In the eighth article of the series, the results on this website, displayed as statistics, answer the question:
WHO LOST IN GRAND SLAM SEMI FINALS?
This page arrives with a new page featuring the Grand Slam / Pro Slam records of all male Grand Slam/Pro Slam semi finalists (see profiles page). However, to reach a pro slam semi final a player would often only have to win one match. As with the finalists page, there is much diversity in the careers of the players listed. Wayne Ferreira held the record for number of consecutive Grand Slam tournaments played (he entered every Grand Slam event from 1991-2004). He reached two Australian semis eleven years apart. Bernard Destremau had a Grand Slam career that lasted 29 years (a record span at the French). There were other players that only entered one Grand Slam event and reached the semis. Theo Mavrogordato entered every Wimbledon from 1904-1928 and Francois Jauffret played in 20 consecutive French Opens from 1961-1980. Jiri Satoh had the best record of all the semi finalists. He only entered nine Grand Slam events between 1931 and 1933 but reached five semi finals. On the other hand, Christophe Roger-Vasselin played for a decade but apart from one semi final only once reached the third round.
Because there are twice as many semi final slots than final slots in every tournament, it is not surprising that the man that holds the record for number of Grand Slam semi final losses that never won one reached more semi finals than the equivalent record holder for most losing finals. Tim Henman holds the record with six semi finals lost and no finals. Jiri Satoh lost in five Grand Slam semi finals and never reached a final. Leo Ware, Max Decugis, Ham Richardson, Roger Taylor, Tommy Haas, Sebastian Grosjean and Nikolay Davydenko all reached four major semi finals and never reached a final. Henman came close to reaching a Grand Slam final at Wimbledon in 2001. He led Goran Ivanisevic by two sets to one and had a mini-break in the fourth set tie break before eventually losing the three day match. Satoh led Jean Borotra by two sets to one in the 1931 French Open semis, but Borotra won the fourth and fifth sets comfortably. At the Australian the following year Satoh lost in the semis in five sets to Harry Hopman. Taylor twice led by two sets to one in Wimbledon semi finals (in 1967 and 1973) before losing and he also lost in five sets in the Australian semis in 1970. Grosjean was two sets to love and 5-3 up and had two match points against Arnaud Clement in the 2001 Australian semis before losing. However, Cliff Sutter (against Ellsworth Vines in the 1932 U. S.) had four match points to reach a Grand Slam final and never reached one. Jimmy Connors holds the record for Grand Slam semi final losses. He lost in 16 Grand Slam semi finals (and also won 15 semi finals). It is not surprising that Connors holds the record for number of matches played and won in the men's singles at both Wimbledon and the U. S.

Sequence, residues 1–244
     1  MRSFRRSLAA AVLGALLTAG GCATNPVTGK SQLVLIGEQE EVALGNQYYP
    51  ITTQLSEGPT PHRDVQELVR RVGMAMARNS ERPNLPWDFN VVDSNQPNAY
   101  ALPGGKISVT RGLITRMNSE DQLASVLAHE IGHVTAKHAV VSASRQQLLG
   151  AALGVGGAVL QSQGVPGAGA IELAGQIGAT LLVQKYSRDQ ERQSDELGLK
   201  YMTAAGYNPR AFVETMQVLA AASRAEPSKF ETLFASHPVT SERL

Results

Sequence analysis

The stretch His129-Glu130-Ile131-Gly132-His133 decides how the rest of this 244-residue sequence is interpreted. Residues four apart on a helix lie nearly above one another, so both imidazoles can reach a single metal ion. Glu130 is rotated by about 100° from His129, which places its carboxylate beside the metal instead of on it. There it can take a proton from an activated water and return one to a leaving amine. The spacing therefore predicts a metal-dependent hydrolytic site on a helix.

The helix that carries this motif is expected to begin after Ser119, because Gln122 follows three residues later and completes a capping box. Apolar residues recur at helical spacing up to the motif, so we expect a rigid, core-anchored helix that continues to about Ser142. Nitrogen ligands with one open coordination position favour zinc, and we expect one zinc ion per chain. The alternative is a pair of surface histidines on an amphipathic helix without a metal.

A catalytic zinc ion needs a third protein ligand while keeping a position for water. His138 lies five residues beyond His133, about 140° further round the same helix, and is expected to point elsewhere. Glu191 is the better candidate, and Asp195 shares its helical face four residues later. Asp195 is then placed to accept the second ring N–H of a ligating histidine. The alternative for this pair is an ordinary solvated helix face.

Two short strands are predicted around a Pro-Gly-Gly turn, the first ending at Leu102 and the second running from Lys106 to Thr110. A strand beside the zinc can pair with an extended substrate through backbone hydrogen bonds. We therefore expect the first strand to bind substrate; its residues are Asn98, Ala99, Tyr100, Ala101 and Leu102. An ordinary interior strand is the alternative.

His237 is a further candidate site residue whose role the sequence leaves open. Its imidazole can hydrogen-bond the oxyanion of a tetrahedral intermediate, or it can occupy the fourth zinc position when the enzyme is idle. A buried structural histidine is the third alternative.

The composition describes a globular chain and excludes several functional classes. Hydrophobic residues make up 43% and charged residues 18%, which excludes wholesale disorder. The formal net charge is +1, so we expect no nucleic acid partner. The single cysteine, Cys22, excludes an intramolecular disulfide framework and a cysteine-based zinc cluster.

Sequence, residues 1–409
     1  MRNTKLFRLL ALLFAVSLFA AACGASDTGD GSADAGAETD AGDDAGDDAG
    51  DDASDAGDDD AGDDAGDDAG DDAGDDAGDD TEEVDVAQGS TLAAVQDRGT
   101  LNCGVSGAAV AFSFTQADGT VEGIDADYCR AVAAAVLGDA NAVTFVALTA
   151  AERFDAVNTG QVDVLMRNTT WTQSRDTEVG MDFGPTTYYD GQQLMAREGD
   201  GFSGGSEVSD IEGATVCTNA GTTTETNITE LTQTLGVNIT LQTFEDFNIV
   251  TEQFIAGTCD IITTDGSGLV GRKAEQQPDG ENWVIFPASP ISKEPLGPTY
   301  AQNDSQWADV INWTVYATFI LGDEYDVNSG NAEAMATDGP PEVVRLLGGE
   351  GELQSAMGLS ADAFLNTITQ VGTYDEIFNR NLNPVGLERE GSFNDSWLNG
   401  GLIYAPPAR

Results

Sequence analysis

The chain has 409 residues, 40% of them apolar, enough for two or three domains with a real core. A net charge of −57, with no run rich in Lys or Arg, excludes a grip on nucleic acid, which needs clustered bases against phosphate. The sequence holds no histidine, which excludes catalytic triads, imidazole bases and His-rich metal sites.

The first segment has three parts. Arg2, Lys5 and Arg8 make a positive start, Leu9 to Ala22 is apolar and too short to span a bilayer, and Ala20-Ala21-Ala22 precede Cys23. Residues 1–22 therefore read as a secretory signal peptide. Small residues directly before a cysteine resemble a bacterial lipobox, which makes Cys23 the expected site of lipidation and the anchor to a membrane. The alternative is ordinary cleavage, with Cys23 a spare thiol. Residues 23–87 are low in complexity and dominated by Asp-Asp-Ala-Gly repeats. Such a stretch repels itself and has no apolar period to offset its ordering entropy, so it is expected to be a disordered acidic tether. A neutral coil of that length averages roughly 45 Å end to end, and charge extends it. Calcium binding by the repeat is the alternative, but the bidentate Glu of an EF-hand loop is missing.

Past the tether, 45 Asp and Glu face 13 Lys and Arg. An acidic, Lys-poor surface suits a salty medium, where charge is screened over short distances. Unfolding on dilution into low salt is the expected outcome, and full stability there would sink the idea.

Mary Bevis Hawton was the woman that lost in most Grand Slam semi finals without winning one, losing six semi finals (all at the Australian). Edith Rotch lost five semi finals (all at the U. S.) and never won one. Chris Evert lost in most Grand Slam semi finals (18) and also won a further 34, making a record total of 52 semi finals played. That means Evert had 13 complete years worth of Grand Slam semi final appearances (Evert nearly always reached the semis or better at Grand Slams throughout most of her career). If Martina Navratilova hadn't played in the same era as Evert it is scary to think how many Grand Slam singles titles Evert would have won! Gabriela Sabatini lost in 15 Grand Slam semi finals, three behind Evert.
This page treats World Hard Court as a Grand Slam.